Another shortcoming? Salary doesn’t take into account bonuses, commissions, other sources of income, and the value of other benefits such as medical insurance and retirement contributions.
Your employer’s group life insurance might be sufficient if you’re single or if you have a spouse who isn’t dependent on your income to cover household expenses and you don’t have children. But if you’re in this situation, you might not need life insurance at all.
Problem 2: You’ll Lose Your Coverage If Your Job Situation Changes
As with health insurance, you don’t want gaps in your life insurance coverage because you never know when you might need it. Most workers who get coverage through work don’t know where their life insurance will come from if they change jobs, are laid off, their employer goes out of business or they switch from full-time to part-time status. You usually won’t be able to keep your policy in these scenarios. Lack of portability can be a problem if you aren’t going directly to another job with similar coverage and aren’t healthy enough to qualify for an individual policy. Some policies do allow you to convert your group policy to an individual one, but it will likely become much more expensive. If you’re losing your coverage because you were laid off, the premiums might be unaffordable.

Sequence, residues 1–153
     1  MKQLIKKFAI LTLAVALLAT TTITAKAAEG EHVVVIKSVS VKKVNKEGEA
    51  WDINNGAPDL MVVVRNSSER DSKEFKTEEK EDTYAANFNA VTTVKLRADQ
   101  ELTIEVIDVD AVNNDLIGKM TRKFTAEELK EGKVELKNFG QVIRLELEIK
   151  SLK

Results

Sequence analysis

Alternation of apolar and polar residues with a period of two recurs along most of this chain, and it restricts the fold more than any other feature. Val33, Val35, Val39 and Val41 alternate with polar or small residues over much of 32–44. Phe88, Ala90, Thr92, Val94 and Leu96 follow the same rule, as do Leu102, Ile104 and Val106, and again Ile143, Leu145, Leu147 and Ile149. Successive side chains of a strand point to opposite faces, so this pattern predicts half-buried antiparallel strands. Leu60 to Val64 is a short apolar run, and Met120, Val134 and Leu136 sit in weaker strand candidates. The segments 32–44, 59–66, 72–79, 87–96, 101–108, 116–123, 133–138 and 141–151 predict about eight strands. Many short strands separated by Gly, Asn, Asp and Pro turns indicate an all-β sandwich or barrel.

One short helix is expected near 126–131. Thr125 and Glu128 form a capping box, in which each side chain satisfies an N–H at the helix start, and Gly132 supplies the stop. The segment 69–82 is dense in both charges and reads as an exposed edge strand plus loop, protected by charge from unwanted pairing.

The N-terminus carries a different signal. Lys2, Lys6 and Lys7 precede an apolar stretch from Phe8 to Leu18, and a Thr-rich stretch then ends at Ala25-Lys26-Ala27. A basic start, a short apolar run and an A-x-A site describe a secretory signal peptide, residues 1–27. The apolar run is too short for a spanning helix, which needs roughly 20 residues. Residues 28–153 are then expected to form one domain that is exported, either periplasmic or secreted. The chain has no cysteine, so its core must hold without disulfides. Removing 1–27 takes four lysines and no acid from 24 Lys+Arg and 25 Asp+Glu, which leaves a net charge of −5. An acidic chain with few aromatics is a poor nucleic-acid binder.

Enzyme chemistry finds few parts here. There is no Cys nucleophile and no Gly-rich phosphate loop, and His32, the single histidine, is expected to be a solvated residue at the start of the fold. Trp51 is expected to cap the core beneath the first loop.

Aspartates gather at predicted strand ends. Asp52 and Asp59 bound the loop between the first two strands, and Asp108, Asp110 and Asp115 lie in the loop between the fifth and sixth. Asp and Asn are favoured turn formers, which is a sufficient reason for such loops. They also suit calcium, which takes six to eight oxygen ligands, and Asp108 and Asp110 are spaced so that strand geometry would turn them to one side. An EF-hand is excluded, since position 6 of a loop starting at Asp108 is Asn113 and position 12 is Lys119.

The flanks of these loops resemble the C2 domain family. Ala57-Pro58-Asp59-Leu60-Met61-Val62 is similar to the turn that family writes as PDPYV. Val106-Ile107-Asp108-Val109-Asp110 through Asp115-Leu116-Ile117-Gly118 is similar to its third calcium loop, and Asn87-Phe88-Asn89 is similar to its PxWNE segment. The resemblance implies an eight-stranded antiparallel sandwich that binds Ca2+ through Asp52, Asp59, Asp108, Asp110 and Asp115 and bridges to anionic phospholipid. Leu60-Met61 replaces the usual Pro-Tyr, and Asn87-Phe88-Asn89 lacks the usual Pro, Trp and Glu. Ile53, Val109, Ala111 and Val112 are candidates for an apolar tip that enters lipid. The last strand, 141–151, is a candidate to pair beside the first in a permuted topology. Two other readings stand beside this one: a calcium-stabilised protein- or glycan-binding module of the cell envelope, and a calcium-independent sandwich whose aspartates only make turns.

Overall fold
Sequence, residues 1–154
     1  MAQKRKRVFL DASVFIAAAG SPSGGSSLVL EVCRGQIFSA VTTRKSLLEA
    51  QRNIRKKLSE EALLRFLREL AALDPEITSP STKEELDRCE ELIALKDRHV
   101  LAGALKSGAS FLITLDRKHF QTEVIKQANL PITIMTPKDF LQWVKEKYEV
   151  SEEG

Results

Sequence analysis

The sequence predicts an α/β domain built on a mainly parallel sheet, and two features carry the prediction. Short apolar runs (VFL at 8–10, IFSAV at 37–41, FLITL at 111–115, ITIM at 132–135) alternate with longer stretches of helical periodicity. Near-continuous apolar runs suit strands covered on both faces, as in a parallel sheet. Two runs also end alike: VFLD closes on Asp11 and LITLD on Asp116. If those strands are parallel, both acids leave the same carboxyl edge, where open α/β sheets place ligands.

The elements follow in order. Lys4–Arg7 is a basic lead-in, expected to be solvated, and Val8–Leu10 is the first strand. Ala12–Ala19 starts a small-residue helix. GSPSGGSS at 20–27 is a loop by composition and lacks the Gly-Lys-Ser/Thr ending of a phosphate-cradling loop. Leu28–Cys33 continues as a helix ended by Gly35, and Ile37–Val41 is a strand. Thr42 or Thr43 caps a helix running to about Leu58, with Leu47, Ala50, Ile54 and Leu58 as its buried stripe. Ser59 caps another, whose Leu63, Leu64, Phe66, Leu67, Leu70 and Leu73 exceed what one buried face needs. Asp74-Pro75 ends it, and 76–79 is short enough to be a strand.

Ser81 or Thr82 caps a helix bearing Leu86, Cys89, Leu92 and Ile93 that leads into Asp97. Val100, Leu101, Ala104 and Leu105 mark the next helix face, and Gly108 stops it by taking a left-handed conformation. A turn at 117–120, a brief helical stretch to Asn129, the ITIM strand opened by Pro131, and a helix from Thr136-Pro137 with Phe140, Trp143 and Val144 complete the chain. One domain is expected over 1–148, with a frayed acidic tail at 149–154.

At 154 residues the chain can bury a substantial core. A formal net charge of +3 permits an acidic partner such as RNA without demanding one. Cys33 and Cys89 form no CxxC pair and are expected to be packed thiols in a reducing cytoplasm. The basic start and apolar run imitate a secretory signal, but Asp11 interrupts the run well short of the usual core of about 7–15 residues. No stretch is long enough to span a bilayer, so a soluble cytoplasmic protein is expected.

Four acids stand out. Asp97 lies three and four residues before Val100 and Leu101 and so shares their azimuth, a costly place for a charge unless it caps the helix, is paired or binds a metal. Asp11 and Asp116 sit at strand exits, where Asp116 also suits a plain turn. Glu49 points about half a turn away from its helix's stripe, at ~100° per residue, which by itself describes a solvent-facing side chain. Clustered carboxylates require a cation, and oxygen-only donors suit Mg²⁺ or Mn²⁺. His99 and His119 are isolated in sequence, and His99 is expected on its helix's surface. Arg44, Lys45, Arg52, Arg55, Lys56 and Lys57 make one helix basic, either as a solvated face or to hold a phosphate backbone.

Problem 3: Coverage Gets Tricky If Your Health Declines
Another problem arises if you’re leaving your job because of a health problem. If a medical condition forces you to leave your job, it’s unlikely that you would be able to qualify for life insurance at that time. Needless to say, that’s the time your family would need the coverage most.